A riot to the senses

Susan is giving us a quick getaway to New England, where the colors are a joy to behold. Photo sent by Susan, taken in New Hampshire, October 2015

Susan is giving us a quick getaway to New England, where the colors are a joy to behold.
She took this lovely photo in New Hampshire, October 2015

“October proved a riot a riot to the senses and climaxed those giddy last weeks before Halloween.”Keith Donohue

Blogs are a wonderful way to connect to people all over the world, and today’s photo is one example of the fun that can result.  As I write this, we aren’t yet having riots of color here in Virginia, though there are hints that the best is yet to come.

However, New England is legendary for its fall foliage, and Susan sends us a stunning example that she was kind enough to let me share here.  I cropped it a bit so it would fit in the blog format, but otherwise it’s untouched by any digital enhancement.  No wonder autumn in New Hampshire is so famous!

If your brightest colors are likely to come a few days later than Halloween (or, in the southern hemisphere, six months later) I hope you will enjoy this lovely lakeside scene today.  Let’s have a virtual party right where Susan took this photo.  Just imagine there’s a ginormous picnic table behind us, loaded with festive snacks.  Do I smell a campfire and hot dogs roasting? Pour me some hot cider from that thermos and fill me in on what’s happening in your neck of the woods.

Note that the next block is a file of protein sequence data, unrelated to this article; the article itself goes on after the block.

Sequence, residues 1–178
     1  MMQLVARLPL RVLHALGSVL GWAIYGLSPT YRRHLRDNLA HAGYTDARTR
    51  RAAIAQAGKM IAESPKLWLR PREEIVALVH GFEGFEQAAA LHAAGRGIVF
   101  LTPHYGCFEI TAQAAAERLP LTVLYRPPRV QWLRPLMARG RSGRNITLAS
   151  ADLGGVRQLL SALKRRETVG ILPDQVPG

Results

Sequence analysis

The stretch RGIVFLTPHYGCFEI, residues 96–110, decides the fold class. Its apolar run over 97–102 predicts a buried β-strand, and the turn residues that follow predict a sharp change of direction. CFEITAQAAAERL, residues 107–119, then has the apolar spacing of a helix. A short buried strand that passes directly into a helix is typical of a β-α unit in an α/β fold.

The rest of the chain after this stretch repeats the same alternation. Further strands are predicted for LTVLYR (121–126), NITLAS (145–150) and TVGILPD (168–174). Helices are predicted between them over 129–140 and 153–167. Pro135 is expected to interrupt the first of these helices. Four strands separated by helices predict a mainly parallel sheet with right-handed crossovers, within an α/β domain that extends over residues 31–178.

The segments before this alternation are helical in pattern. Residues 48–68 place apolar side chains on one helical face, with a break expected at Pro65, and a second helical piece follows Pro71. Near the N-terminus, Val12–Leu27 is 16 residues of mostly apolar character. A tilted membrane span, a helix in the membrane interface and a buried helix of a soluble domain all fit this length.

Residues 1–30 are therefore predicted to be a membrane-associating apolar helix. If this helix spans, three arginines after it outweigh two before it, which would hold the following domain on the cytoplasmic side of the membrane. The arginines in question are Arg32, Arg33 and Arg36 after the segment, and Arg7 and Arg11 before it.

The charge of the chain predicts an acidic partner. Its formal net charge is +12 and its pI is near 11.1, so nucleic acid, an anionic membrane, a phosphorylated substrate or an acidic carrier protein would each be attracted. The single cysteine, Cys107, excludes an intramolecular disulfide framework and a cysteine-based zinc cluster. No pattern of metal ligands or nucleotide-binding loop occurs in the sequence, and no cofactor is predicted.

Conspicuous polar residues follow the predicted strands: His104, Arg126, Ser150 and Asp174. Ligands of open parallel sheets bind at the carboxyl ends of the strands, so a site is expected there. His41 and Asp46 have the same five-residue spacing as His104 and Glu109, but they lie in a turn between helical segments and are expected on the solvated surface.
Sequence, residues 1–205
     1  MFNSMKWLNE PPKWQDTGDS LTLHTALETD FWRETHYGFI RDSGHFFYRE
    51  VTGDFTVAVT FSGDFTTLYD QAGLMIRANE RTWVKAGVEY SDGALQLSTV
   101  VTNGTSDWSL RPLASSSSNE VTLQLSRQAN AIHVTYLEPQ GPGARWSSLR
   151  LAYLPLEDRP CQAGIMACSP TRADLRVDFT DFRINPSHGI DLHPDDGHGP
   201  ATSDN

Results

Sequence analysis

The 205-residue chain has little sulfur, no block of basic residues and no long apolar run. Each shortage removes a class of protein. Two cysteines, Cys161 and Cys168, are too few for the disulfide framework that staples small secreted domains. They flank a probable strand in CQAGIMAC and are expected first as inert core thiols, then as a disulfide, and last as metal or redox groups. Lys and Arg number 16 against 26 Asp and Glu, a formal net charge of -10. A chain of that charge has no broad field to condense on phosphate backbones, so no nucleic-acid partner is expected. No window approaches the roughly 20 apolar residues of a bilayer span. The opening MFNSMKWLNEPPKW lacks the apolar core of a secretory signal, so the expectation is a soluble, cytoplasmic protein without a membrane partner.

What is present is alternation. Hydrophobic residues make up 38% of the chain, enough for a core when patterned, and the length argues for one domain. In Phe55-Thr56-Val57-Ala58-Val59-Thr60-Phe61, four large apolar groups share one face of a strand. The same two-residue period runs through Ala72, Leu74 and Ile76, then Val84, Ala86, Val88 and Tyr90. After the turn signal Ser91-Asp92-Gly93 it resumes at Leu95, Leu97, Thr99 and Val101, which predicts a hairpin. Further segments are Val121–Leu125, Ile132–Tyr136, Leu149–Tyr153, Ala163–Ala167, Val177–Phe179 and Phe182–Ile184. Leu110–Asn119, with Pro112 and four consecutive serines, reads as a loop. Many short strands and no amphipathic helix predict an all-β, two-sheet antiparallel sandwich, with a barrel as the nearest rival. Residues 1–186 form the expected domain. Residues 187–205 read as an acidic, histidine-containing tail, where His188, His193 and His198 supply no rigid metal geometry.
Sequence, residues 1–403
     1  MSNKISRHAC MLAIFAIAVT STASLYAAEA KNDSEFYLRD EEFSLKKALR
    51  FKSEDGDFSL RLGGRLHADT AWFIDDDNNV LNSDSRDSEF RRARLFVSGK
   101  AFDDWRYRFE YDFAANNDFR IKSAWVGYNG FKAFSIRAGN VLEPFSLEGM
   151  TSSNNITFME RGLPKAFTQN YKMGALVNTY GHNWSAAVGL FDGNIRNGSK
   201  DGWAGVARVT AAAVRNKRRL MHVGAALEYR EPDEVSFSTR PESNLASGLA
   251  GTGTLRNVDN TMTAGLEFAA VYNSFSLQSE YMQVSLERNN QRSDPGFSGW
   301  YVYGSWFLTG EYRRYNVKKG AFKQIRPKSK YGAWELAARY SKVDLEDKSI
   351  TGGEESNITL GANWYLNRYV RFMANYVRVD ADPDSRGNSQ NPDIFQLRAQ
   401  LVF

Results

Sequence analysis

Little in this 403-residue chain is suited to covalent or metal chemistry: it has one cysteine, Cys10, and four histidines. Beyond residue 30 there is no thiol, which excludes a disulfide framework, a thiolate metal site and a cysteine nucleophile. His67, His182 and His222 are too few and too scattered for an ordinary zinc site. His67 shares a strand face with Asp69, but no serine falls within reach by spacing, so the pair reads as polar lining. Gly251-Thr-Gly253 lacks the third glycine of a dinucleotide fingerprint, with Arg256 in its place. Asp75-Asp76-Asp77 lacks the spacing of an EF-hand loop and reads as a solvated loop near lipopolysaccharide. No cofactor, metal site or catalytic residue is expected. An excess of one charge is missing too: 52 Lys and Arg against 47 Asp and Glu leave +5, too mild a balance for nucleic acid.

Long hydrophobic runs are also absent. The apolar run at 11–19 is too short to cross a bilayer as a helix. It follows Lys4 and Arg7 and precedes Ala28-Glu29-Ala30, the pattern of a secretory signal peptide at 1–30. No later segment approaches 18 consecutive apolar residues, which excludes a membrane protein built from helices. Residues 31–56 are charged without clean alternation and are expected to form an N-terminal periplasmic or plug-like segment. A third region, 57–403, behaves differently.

41 Comments

  1. Ann

    What a beautiful spot. Think i’ll have a toasted marshmallow (using a straightened out coat hanger with the marshmallow stuck on the end)😀

    • Ah yes, the old straightened out coat hanger as skewer…imagine today’s kids trying to do that with the plastic hangers we use now. I remember how the marshmallow goo would stick to the end of the hanger, which was always sort of curlicue from being wrapped around the neck of the hanger. There was also the challenge of keeping them from dropping into the fire, or catching fire (though some people seemed to like them that way, dark crispy outside and melted inside…) — pass the Hershey Bars and graham crackers!